Zamudio, Kelly R.
Bell, Rayna C.
Nali, Renato C.
Haddad, Celio F. B.
Prado, Cynthia P. A.
Total Authors: 5
 Cornell Univ, Dept Ecol & Evolutionary Biol, Ithaca, NY 14853 - USA
 Smithsonian Inst, Natl Museum Nat Hist, Dept Vertebrate Zool, Washington, DC 20560 - USA
 Univ Calif Berkeley, Dept Integrat Biol, Museum Vertebrate Zool, Berkeley, CA 94720 - USA
 Univ Estadual Paulista, Dept Zool, Inst Biociencias, Sao Paulo - Brazil
 Univ Estadual Paulista, Fac Ciencias Agr & Vet, Dept Morfol & Fisiol Anim, Sao Paulo - Brazil
Total Affiliations: 5
Web of Science Citations:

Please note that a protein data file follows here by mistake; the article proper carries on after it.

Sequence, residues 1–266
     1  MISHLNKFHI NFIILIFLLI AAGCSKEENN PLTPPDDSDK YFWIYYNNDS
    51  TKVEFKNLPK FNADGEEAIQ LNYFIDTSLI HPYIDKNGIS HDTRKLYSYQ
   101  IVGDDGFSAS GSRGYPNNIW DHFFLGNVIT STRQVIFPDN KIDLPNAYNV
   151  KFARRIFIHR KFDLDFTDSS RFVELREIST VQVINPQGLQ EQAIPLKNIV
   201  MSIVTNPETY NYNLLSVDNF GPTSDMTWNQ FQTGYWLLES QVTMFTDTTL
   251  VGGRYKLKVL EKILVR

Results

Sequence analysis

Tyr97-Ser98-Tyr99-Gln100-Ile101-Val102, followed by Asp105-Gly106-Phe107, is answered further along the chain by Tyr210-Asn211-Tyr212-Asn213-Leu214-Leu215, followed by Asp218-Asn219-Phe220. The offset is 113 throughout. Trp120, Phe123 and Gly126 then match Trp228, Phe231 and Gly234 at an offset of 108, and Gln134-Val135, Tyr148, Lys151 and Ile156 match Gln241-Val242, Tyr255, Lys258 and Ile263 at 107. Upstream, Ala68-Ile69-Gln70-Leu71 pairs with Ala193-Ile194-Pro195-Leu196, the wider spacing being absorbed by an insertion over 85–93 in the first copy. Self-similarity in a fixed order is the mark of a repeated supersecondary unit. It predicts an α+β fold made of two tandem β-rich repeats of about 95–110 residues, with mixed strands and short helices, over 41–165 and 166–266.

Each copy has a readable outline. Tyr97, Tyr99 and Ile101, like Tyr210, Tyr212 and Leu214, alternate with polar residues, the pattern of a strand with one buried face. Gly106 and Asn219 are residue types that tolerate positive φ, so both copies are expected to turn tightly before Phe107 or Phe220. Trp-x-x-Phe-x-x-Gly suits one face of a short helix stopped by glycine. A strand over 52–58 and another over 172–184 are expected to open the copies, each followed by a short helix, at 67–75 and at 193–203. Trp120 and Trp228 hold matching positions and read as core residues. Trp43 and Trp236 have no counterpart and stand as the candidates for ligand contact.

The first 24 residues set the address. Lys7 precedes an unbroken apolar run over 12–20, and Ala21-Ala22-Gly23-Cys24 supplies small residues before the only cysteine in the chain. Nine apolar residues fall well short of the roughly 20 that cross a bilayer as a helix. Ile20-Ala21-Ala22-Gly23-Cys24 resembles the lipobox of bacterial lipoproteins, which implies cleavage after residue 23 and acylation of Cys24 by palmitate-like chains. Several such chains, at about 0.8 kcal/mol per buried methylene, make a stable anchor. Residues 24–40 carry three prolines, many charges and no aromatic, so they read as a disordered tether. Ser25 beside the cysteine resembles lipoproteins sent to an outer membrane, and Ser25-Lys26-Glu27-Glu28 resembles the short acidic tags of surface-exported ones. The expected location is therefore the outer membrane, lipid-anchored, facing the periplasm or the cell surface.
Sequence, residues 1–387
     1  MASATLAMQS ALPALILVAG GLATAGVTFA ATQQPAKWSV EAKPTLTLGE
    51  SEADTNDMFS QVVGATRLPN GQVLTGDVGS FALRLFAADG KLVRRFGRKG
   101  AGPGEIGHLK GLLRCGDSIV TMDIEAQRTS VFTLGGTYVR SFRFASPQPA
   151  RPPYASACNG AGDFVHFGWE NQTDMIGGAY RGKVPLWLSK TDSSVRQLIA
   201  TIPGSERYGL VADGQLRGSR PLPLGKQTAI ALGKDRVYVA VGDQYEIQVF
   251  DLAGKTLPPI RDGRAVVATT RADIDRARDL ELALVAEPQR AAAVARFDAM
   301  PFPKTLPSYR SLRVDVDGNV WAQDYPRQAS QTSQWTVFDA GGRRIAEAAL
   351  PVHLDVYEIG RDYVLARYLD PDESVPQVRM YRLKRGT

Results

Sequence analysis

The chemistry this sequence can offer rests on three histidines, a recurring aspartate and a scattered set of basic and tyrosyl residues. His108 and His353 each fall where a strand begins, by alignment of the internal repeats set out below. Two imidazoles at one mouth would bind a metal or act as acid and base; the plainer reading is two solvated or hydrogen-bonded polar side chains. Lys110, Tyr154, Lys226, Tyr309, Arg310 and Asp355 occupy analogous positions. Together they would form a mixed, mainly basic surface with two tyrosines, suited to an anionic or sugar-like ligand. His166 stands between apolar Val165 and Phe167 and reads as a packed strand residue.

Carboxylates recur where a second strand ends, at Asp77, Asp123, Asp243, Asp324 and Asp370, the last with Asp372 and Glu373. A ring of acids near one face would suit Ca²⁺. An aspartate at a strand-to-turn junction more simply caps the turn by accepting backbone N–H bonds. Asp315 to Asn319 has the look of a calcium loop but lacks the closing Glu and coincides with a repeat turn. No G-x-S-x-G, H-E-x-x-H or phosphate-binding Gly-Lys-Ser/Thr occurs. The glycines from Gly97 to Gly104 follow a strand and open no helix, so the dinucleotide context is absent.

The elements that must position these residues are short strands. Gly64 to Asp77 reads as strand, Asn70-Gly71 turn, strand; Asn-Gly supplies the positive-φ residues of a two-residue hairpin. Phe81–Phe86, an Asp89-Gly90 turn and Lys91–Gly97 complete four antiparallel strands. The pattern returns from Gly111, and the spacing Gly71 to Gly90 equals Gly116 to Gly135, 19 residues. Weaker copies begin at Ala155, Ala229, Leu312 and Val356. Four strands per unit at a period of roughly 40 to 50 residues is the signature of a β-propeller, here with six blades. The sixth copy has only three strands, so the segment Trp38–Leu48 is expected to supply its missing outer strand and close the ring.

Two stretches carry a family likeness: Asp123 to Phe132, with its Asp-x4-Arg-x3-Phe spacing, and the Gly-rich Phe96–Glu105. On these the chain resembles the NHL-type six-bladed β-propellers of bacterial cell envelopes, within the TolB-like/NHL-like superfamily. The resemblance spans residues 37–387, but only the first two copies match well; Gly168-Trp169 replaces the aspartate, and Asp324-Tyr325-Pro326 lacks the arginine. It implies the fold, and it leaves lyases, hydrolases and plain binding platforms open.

Frog reproductive modes are complex phenotypes that include egg/clutch characteristics, oviposition site, larval development, and sometimes, parental care. Two evident patterns in the evolution of these traits are the higher diversity of reproductive modes in the tropics and the apparent progression from aquatic to terrestrial reproduction, often attributed to higher fitness resulting from decreased predation on terrestrial eggs and tadpoles. Here, we propose that sexual selection-and not only natural selection due to predation-favors terrestrial breeding by reducing the loss of fitness due to polyandry. To examine this novel selective mechanism, we reconstructed the evolution of reproductive diversity in two frog families (Hylidae and Leptodactylidae) and tested for concerted evolution of egg and tadpole development sites with specific mating behaviors. We found that oviposition and tadpole development sites are evolving independently, do not show the same diversity and/or directionality in terms of terrestriality, and thus may be diversifying due to different selective mechanisms. In both families, terrestrial egg deposition is correlated with amplexus that is hidden from competing males, and in hylids, testes mass was significantly larger and more variable in males with exposed amplexus that are vulnerable to polyandry. Our results indicate that intrasexual selection has been an underappreciated mechanism promoting diversification of frog reproductive modes. (AU)